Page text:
Spotlight on disease: type 1 diabetes

By Heather Buschman, Ph.D.
December 22, 2010

Type 1 diabetes is an autoimmune disorder – a person’s own immune system attacks beta cells found in the pancreas. Beta cells normally respond to high levels of sugar in the blood by releasing insulin, a protein hormone that acts like a key binding to a lock (or receptor) that is present on every cell in the body. When insulin binds to its receptor, it unlocks a door in cells that allows this sugar—known as glucose– to enter and be used for energy.Since type 1 diabetics lack insulin-producing beta cells, glucose remains in the blood and cells starve. Even with insulin therapy, the level of blood glucose in type 1 diabetics is not normal. Glucose is a highly reactive molecule that damages the cells and tissues that it contacts, particularly the cells that line blood vessels. As a result, diabetes is a leading cause of blindness, kidney disease, limb amputation and heart disease. Because type 1 diabetes commonly manifests in childhood, it has traditionally been called “juvenile” diabetes. Type 1 diabetes treatment is life-long; diabetics must carefully monitor their blood sugar and receive daily insulin injections or wear an insulin-delivering pump.

At Sanford-Burnham, scientists are studying the molecular causes of type 1 diabetes in order to develop alternative methods of treating and preventing the disease. In particular, they are interested in how to generate new beta cells and how immune cells attack the pancreas. In 2004, Sanford-Burnham scientists discovered that PTPN22, an immune system gene, is also one of the most important genes that predisposes individuals to developing  type 1 diabetes.

Pumping up the body’s own beta cells
One approach to treating type 1 diabetes is to kick-start a person’s own dwindling beta cell population to replicate and produce more insulin. To do this, several Sanford-Burnham research groups are trying to understand the complex network of proteins that control beta cell growth and function. Investigators are using this information to tweak genes in a way that tricks remaining beta cells into a constant state of proliferation before they are completely destroyed by the immune system.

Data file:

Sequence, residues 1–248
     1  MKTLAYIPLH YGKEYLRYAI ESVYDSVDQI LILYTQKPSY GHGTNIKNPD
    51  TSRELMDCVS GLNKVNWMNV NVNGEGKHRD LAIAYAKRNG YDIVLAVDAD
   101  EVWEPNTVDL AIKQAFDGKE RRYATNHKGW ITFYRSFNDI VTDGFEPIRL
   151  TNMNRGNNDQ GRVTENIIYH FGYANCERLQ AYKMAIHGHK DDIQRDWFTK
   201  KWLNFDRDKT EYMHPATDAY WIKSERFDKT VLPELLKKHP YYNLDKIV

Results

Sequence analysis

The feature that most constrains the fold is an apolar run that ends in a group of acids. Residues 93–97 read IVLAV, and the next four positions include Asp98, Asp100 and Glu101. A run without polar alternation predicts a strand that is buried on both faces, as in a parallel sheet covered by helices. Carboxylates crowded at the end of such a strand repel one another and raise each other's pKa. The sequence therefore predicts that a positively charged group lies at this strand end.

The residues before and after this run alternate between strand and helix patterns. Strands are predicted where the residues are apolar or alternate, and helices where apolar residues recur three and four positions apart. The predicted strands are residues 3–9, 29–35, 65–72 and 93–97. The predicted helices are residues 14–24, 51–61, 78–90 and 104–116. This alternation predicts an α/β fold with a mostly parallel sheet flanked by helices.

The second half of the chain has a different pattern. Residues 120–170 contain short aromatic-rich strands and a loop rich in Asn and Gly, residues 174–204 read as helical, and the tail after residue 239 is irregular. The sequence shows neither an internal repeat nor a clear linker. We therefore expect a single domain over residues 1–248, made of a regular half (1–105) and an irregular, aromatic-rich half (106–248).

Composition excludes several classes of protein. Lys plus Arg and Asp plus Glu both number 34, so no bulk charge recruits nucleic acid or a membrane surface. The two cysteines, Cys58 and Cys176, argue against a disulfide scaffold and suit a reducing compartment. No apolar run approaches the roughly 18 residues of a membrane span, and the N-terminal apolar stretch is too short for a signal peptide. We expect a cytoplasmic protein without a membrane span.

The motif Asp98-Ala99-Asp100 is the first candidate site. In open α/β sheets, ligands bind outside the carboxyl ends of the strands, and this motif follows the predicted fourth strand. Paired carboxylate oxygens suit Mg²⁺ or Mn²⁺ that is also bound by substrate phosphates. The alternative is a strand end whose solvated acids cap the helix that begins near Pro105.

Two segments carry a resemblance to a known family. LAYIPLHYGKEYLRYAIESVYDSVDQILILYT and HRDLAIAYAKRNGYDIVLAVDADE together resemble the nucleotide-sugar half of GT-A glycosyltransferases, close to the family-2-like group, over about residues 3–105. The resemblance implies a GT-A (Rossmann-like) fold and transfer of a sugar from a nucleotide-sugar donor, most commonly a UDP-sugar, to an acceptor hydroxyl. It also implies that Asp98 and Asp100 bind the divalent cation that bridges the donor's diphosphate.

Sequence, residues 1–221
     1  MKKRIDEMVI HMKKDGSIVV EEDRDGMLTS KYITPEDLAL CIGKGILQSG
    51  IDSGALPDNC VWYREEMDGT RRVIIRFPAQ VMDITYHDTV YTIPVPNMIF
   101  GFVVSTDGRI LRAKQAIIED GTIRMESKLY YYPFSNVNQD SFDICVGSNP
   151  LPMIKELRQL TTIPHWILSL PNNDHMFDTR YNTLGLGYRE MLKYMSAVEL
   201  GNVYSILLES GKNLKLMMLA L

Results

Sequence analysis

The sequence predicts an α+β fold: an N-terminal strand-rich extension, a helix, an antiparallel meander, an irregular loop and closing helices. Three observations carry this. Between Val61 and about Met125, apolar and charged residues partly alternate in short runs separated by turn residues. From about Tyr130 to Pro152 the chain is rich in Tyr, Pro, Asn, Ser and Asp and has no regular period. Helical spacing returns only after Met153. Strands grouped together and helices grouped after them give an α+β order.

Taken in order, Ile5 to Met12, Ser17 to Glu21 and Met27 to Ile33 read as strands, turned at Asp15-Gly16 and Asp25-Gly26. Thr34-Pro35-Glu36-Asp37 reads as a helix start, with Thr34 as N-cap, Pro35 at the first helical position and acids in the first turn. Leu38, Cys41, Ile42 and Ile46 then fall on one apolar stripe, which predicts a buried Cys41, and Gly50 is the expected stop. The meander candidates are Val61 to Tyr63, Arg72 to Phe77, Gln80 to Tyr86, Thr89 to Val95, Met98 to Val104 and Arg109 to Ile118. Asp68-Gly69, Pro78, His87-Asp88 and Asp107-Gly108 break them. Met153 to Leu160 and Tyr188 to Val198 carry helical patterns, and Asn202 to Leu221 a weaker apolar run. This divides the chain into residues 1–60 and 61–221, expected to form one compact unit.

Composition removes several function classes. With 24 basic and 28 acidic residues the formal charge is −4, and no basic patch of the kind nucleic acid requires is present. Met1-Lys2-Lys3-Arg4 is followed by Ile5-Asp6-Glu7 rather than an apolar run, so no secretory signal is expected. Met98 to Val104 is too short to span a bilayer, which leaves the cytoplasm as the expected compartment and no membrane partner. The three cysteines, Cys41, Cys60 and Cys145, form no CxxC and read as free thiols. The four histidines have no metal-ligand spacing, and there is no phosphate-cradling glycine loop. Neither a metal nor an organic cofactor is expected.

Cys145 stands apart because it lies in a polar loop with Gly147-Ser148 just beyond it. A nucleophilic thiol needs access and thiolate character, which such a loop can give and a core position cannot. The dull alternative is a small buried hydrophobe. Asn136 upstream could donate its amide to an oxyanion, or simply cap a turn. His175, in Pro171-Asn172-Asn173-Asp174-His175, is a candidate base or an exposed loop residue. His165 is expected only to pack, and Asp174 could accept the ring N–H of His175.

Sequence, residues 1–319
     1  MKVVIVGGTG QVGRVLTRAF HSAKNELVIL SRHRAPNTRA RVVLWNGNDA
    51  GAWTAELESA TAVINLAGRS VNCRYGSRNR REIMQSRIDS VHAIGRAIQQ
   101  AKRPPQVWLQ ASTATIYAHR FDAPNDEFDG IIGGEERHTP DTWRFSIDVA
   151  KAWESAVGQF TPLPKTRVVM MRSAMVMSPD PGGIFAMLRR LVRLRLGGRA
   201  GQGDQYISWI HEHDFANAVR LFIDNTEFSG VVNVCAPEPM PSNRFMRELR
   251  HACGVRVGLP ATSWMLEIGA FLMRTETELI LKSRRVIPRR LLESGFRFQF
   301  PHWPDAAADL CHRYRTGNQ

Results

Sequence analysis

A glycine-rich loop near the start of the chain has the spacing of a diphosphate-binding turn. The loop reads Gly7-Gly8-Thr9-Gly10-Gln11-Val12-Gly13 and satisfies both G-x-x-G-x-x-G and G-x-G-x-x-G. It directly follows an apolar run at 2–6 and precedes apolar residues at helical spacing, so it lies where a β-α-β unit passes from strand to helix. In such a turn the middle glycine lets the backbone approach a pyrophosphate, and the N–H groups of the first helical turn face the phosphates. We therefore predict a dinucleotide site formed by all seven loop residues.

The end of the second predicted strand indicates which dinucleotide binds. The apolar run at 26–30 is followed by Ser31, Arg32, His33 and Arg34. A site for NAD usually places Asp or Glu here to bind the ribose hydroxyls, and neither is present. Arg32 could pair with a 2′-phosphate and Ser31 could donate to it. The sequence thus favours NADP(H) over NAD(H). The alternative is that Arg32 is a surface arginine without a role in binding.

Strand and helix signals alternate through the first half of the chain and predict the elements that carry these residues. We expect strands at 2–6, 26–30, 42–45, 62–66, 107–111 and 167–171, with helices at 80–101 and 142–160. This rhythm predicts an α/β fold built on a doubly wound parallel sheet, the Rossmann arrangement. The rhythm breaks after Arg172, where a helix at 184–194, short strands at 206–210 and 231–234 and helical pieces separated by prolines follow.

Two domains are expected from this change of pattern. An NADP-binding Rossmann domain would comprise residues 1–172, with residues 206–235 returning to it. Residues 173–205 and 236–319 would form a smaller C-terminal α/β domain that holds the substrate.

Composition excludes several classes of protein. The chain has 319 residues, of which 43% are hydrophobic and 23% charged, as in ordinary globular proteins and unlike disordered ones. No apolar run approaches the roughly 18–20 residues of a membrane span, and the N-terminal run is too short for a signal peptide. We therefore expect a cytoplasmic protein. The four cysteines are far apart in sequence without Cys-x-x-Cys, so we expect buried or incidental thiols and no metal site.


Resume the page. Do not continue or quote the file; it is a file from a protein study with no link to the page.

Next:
Re-supplying with new beta cells
Another method for restoring insulin production in type 1 diabetics is to transplant beta cells from an external source to the patient. To do this, researchers must generate a supply of beta cells and then develop ways to protect them from the autoimmune response that destroyed the original cells. At Sanford-Burnham, scientists are investigating ways to use stem cells to produce new beta cells for transplantation. Stem cells are undifferentiated cells, meaning that they have not yet settled on a specific function. These researchers have identified a population of stem cells in the human adult pancreas that can form new beta cells. They are now conducting studies to better understand how these stem cells develop so that the process can be manipulated to create large quantities of beta cells.

Beta-cell transplantation in type 1 diabetics often requires constant treatment with immunosuppressive drugs that keep the immune system from eradicating the new cells. Since long-term use of these drugs can have serious side effects, Sanford-Burnham scientists are developing an alternative approach to hide transplanted beta cells from the immune system. They have created an encapsulation device that protects transplanted beta-cells from destruction. The device allows insulin to exit and nutrients and glucose to enter, but keeps immune cells out.

Screening for new drugs
Sanford-Burnham’s Conrad Prebys Center for Chemical Genomics allows diabetes researchers to search for potential new therapeutics using robotic technologies that screen hundreds of thousands of chemical compounds. Scientists are now looking for compounds that stimulate stem cells to become beta-cells or turn on insulin-producing genes. They hope these findings will lead to the design of novel drugs that enhance insulin secretion in diabetics.

For more information

Sanford-Burnham faculty research
Dr. P.D. Si Dong
Dr. Pamela Itkin-Ansari
Dr. Fred Levine
Dr. Alex Strongin
Dr. Björn Tyrberg

Sanford Children’s Health Research Center
Conrad Prebys Center for Chemical Genomics

All Beaker blog posts on
Stem Cells
Drug Discovery

Other resources
National Institute of Diabetes and Digestive and Kidney Diseases (NIDDK), part of the NIH
Juvenile Diabetes Research Foundation
American Diabetes Association (ADA)
The Sanford Project

Facebook Comments

About Author

Heather Buschman, Ph.D.

Heather was an SBP Communications staff member.



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